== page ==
By Jeff White

CHARLOTTESVILLE — They gathered Monday night in their locker room at John Paul Jones Arena and turned on ESPN, ready to celebrate the addition of an exclamation point to Joanne Boyle’s first season as women’s basketball coach at UVa.

Many bracketologists had projected Virginia as a No. 9 seed in the NCAA tournament, but the selection show brought crushing news for Boyle’s team. Never mind the Cavaliers’ early-season upset of Tennessee, which was awarded a No. 2 seed in the NCAAs. The selection committee snubbed UVa (22-10) in favor of such teams as Kansas, Michigan and Texas.

The Jayhawks (19-12) have lost 10 of their past 14 games.

“When Kansas went up,” Boyle said Tuesday, “I was like, ‘We’re done.’ ”

“We watched and we watched and we watched,” Virginia forward Chelsea Shine said, “and our jaws dropped a little further each time they announced parts of the bracket. We were shocked and bummed.”

The Wahoos’ disappointment may linger for a while, but their season is not over. Late Monday night, UVa accepted an invitation to play in the 64-team Women’s National Invitation Tournament.

After the NCAA field was announced, Shine said, the Cavaliers “didn’t really know what to do or what to say, but the attention quickly got turned to the NIT, and that’s the next thing on the docket. We didn’t have a lot of time to sulk or be upset, and we realized quickly that we had no control over it, and what we do have control over now is Thursday night.”

At 7 o’clock, Virginia (22-10) will host Howard (24-8) at JPJ. The winner will meet Richmond or Miami (Ohio) in the second round.

Had they received an invitation to the NCAAs, the ‘Hoos would have been off Tuesday. Instead, they convened at JPJ for a practice that afternoon.

Boyle said her challenge is to “get them ready and get them excited. I told them, ‘You guys can’t see it now, but if you can wrap your head around winning six games [in the WNIT], which we’re totally capable of, after you cut down those nets, it’s actually a very good feeling. It feels good. You look back and you go, ‘It was worth it.’ And that’s what I’ve got to try to convince them, to approach it like that.”

This is Boyle’s 10th season as a head coach. In her first nine, her teams made five trips to the NCAA tournament and four appearances in the WNIT. Cal won the WNIT in 2009-10.

For a team that has only two seniors — Shine and point guard Ariana Moorer — a deep run in the WNIT could pay dividends for the ‘Hoos next season and beyond.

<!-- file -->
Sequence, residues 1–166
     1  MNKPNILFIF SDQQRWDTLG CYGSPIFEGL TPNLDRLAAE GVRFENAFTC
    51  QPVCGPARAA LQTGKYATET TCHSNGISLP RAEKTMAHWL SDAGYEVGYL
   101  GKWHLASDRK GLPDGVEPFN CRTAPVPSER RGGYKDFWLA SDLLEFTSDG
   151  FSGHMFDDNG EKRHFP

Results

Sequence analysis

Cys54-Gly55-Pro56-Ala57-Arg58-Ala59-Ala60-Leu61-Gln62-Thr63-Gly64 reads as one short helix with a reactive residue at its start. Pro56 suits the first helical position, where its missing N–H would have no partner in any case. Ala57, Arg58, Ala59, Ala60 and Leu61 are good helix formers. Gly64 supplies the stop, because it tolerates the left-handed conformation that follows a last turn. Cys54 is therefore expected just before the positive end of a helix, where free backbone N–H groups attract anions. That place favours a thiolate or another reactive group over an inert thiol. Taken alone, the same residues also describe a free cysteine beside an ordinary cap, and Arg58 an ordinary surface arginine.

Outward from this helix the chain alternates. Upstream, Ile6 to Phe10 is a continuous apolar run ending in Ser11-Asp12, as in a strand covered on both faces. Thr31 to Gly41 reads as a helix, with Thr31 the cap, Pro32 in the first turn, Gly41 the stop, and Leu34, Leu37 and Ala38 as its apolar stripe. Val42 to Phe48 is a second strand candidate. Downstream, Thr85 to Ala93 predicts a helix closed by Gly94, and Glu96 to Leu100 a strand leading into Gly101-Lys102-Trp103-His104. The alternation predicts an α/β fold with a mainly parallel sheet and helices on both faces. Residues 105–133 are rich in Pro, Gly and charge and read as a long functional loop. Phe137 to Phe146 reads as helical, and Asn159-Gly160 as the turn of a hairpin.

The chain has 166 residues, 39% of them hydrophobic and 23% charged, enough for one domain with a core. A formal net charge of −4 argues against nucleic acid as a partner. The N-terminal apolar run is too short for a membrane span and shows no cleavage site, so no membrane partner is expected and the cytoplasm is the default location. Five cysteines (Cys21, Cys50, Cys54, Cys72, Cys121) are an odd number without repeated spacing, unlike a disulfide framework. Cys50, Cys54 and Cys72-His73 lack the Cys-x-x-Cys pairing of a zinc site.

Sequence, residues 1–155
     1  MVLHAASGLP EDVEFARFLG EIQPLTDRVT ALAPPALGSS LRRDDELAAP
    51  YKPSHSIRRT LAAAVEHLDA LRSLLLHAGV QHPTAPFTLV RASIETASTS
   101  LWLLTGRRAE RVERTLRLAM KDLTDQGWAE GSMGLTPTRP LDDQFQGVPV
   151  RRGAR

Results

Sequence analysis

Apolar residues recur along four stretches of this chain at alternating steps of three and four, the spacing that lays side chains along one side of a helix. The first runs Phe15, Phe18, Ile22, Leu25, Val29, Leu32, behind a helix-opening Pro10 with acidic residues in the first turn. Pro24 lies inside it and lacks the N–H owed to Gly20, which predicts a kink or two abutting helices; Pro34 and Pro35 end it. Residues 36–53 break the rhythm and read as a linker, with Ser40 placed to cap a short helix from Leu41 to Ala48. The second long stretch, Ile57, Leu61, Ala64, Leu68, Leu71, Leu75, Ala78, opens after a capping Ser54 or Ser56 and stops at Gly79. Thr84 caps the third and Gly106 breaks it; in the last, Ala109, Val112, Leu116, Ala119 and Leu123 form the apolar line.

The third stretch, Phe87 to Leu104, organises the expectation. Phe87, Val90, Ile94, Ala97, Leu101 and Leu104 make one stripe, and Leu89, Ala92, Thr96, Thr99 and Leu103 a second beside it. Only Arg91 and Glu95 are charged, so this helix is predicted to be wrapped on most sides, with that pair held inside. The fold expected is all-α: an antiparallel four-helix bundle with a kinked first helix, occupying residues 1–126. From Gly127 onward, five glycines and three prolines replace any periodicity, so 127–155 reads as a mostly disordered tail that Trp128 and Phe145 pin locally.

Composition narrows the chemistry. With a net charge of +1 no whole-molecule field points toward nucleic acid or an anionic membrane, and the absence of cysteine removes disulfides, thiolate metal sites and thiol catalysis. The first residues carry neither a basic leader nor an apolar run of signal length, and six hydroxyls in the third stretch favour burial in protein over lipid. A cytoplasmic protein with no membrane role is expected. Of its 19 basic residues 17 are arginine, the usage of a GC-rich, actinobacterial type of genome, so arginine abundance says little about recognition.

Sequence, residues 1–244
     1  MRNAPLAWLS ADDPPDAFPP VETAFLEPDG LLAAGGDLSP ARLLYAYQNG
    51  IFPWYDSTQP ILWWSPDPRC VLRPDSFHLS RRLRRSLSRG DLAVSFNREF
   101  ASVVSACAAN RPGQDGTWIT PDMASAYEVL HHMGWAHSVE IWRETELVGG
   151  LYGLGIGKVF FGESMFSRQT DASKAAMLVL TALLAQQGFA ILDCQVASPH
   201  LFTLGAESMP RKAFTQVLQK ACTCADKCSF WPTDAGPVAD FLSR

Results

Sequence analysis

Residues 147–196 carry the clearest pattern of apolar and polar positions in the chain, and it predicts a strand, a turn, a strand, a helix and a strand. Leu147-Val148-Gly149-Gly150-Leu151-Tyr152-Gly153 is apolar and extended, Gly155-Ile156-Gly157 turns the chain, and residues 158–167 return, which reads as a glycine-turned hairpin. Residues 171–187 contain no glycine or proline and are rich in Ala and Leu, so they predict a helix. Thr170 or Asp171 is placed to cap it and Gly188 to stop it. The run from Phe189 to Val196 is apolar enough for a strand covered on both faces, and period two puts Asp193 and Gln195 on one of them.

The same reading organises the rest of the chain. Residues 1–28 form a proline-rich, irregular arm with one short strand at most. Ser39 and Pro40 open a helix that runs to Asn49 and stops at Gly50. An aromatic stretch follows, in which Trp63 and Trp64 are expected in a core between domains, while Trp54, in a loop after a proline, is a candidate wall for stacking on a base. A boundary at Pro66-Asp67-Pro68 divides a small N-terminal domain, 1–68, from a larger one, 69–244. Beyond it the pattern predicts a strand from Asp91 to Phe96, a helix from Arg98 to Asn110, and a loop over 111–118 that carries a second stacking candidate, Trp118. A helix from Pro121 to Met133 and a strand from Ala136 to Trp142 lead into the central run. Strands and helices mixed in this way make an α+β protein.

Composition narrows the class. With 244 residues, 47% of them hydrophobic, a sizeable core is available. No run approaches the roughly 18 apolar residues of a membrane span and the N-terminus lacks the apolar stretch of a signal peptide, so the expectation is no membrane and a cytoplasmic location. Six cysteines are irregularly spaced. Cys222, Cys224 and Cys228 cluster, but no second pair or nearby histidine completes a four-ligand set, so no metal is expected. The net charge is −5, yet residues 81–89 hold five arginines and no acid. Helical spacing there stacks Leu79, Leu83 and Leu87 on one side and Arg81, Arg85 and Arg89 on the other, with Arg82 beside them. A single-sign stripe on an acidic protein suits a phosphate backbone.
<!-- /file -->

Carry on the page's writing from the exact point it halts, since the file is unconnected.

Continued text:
“That’s something that the coaches reminded us about as well,” Shine said. “They said they were upset and kind of apologized to the seniors, because we didn’t get to be a part of [the NCAAs this season]. But at the same time they said, two, three, four years down the line, when this team is really successful in the NCAA tournament, we’ll get to look back and say we were part of this.

“Baby steps, Coach Boyle said. It’s going to take baby steps to continue to build this program to where it’s going to hopefully be some day. Whether it’s winning the NIT or just being a part of the NIT or whatever it is, Ari and I are really glad and excited to be a part of that.”

Boyle said she wants her players to focus on how the WNIT “ultimately benefits our team and our program. The seniors can go out on a good note, and the younger kids can help the seniors do that, and this can be a stepping stone.

“They still continue to play. They’re not sitting at home. There are a lot of positives.”

In 2010-11, its final season under Debbie Ryan, Virginia finished 19-16 after losing in the WNIT quarterfinals. That same group of players — minus Paulisha Kellum and Jayna Hartig, who exhausted their college eligibility, and Whitny Edwards, who transferred to East Carolina (along with her twin Britny, a redshirt last season) — has posted a significantly better record.

That Boyle’s squad has had such success without contributions from any newcomers — freshman Sarah Imovbioh is ineligible to play this season — makes her accomplishment more impressive. But the NCAA selection committee was not swayed.

Committee chairman Greg Christopher said during the ESPN telecast Monday night that Florida, Kansas, Michigan and Texas were the last four at-large teams invited. The first four out, Christopher said, were Oklahoma State, Southern California, Temple and UVa.

“Those conversations were really difficult,” Christopher said. “Ultimately, I’ll bet we spent four hours, close to four hours, talking about those eight teams by themselves.”

Four ACC teams made the NCAA field: Maryland, Duke, Miami and Georgia Tech. UVa did not beat any of them. Virginia went 0-2 against North Carolina.

The Cavaliers “had the great win against Tennessee that stood out,” Christopher said, “but in the conference, they certainly had wins against teams that were below them in the standings, but they didn’t have any of those significant wins against teams that were above them in the standings.”

UVa lost in double overtime to UNC on Jan. 5 at JPJ. Would a victory that night have changed the Cavaliers’ postseason fate?

“Maybe,” Boyle said, “but the committee says it looks at a body of work, a résumé. Our body of work was good, our résumé was good. We didn’t have any bad losses. We were 9-7 [in the ACC]. We beat a 2 seed. We finished strong down the stretch. We had 22 wins. We have a good body of work.”

Shine said she found herself replaying the regular season Monday night, “thinking back to every game and saying, ‘Which one would have done it?’

“You almost can’t do that to yourself. At this point, that decision’s made, and there’s nothing we can do about it now. We’ve learned a lot from every experience, the wins and the losses, the close games and the blowouts. We are hopefully going to be able to take all that into the postseason with us.”

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